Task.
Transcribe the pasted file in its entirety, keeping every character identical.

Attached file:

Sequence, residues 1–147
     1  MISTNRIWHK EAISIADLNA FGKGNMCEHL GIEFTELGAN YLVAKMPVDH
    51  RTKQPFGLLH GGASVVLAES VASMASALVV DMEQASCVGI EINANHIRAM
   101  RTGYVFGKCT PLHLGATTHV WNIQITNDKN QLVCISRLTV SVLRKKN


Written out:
Sequence, residues 1–147
     1  MISTNRIWHK EAISIADLNA FGKGNMCEHL GIEFTELGAN YLVAKMPVDH
    51  RTKQPFGLLH GGASVVLAES VASMASALVV DMEQASCVGI EINANHIRAM
   101  RTGYVFGKCT PLHLGATTHV WNIQITNDKN QLVCISRLTV SVLRKKN